1. Kichu Lakhang
The Kichu Lhakhang temple is one of the most iconic Himalayan Buddhist temples in Bhutan and attracts a huge tourist footfall owing to how old and beautiful it is. The temple was built in the 659 AD but its grandeur is still very visible.
Highlights: Since Bhutan is famous for its temple, you can’t miss out on the Kichu Lhakhang which is just a short drive from the city of Paro. There are various additional buildings and a highly noticeable golden roof all of which were made in the year 1839 by the Governor of city Paro. There are prayer wheels around the temple and you can try spinning around the temple to worship the idol.
Location: Lango Gewog, Paro, Bhutan.
Timings: No official timings given by the temple but ideal to visit during early morning or evening.
Pricing: Visiting the temple is completely free of cost for everyone.
2. Samtengang Winter Trek
Starting from Punakha, Samtengang Winter Trek is a short and considerably simple and easy trek to Wangduephodrang Dzongkhag with average altitude rising not more than 1900 meters. The climate is excellent and due to low altitude preserves warmer climate which is pleasant and soothing. The trekking trail is devoid of uncomfortable steeps and heights making the trail quite smooth for the amateur hikers.
The trail passes through rhododendron forest which is a delight to see especially in monsoon times. The region also posses dense vegetation with oak and maple trees and also the longest footbridge of Bhutan. Villages like Sha and Chungsakha also fall on this trail. It is approximately 54 km in length.
Highlights: Sha village and lifestyle of Bhutanese people based there.
Duration: 3 days of trekking tour.
Location: Near Punakha, Bhutan
Best Season: March – April, October to November. However, due to low altitude, it can be visited in winter too.
Paro is the first must-see location in Bhutan. It is a beautiful and magnificent valley that is enveloped by lush green rice fields.
Highlights: Paro is a historic town of Bhutan. It has several historic buildings and sacred sites that are scattered all across the area. Along with the Punakha and Jakar, Paro forms a ‘golden triangle’ of the prominent destinations of Bhutan. Undisturbed scenic beauty, craggy mountain hills, peaceful atmosphere, and clean air definitely make it a must-visit place in Bhutan. One thing that attracts several visitors to Paro is the Rinpung Dzong which is one of the most striking examples of a typical monastery of Bhutan. Dzong is known to host the festival of masks which is locally known as the Paro Tsechu. Making a visit during this time can be fruitful. Apart from this, the National Museum of Paro is another must-see attraction that attracts several visitors.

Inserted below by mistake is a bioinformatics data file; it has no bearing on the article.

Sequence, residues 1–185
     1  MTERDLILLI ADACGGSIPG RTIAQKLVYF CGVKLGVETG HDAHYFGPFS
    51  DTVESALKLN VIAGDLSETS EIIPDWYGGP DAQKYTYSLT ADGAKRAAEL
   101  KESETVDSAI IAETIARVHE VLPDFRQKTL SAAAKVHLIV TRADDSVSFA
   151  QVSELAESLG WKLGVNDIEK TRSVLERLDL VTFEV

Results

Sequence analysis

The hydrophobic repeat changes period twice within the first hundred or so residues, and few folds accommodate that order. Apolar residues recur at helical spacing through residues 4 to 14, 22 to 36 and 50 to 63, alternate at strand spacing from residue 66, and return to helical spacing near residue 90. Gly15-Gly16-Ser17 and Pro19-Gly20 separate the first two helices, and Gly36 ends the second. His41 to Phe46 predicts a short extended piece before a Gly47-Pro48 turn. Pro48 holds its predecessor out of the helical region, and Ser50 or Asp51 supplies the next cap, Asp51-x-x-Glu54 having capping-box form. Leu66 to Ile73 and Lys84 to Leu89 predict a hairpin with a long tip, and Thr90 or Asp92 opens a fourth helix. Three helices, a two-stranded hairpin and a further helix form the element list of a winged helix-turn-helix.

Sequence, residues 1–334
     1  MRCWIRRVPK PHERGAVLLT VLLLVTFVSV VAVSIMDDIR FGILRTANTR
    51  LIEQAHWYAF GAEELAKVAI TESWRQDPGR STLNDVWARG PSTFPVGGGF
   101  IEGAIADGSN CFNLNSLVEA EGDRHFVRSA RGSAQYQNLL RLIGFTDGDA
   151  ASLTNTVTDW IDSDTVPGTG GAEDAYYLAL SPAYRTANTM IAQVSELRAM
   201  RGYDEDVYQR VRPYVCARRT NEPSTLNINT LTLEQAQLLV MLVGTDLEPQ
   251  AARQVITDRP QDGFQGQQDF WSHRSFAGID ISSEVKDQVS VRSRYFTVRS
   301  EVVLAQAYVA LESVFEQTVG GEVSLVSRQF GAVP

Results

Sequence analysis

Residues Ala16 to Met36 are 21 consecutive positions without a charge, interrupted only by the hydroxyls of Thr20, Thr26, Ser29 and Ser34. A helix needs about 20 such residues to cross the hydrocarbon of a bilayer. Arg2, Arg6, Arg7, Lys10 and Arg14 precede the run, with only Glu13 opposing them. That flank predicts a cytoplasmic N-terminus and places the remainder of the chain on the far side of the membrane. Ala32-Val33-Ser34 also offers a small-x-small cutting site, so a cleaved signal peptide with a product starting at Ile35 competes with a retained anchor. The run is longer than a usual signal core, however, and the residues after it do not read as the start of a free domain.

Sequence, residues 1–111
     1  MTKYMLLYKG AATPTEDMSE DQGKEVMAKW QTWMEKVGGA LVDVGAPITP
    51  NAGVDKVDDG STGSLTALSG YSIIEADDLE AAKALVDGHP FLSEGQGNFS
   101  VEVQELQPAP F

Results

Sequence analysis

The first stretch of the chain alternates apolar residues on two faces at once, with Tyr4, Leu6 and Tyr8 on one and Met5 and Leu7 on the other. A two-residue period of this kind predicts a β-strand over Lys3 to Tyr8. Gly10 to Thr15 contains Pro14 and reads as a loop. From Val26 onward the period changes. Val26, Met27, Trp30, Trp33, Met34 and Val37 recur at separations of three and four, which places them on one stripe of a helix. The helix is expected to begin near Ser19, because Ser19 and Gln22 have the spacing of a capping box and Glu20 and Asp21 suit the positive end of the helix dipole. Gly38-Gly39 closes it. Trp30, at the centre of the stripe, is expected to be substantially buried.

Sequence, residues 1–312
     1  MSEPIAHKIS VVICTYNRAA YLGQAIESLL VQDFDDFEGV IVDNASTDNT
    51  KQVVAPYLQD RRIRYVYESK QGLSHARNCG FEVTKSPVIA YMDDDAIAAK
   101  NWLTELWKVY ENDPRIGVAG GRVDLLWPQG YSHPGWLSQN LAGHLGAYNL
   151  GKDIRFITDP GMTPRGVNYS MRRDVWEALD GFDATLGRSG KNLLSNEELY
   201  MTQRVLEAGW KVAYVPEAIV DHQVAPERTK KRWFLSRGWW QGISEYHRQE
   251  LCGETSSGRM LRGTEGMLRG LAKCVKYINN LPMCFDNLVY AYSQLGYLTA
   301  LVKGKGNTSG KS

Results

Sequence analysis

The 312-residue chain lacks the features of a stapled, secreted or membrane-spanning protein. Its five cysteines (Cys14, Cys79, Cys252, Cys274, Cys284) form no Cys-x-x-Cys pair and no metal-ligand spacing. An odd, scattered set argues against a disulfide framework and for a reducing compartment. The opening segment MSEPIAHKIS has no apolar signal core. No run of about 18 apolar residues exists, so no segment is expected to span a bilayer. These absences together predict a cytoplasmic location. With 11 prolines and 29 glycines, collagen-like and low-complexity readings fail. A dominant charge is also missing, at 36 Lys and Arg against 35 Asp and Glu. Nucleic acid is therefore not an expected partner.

Location: Paro is a small town situated in the Paro District in the Paro Valley of Bhutan.
Timings: Open 24 hours.
Pricing: Entry is free.
4. Wangduephodrang Tshechu Festival
Wangduephodrang Tshechu is an annual festival introduced by Zhabdrung Ngawang Namgyal after the Dzong was completed. As per history, the dzong which served as the administrative center got constructed in 1639 by the disciplined effort of Zhabdrung Ngawang Namgyal near Puna Tsang Chu. To celebrate this occasion, a 3-day festival was organized which is majorly attended by the natives of Thimphu and Punakha.
One of the most celebrated activities on this festival is Raksha Mangcham which is also named as the dance of the ox. Huge gathering assembles to see the beautiful act which concludes with the display of the Guru Tshengye Thongdrol where every onlooker fetches blessings and wash away their sins.
Highlights: the sight of Guru Tshengye Thongdrol
Festival time: In the month of June
5. Gangtey Monastery
It is one of the largest Monastries in western Bhutan. Perched on top of a hill and overlooking the stunning Phobjikha Valley, the Monastery of Gangteng Gompa was built in 1613 by Gyalse Pema Thinly. He is considered the reincarnation of renowned Pema Lingpa. Villages of Hermits surround the Monastery.
The place is one of the main centers of Nyingmapa School where Buddhism is being taught. The history of the Monastery traces back to the 17th century during the period of Pema Lingpa who was a treasure finder. Many of his prophecies are still alive at the monastery.
Highlights: Techu, a traditional Mask dance is hosted in the monastery during September and early October. It is worth to visit the place in the season and witness beautiful dance performances. Also, Phobjikha Valley is native to many Blacked neck cranes that migrate there from November to roost.
Best Season: September to November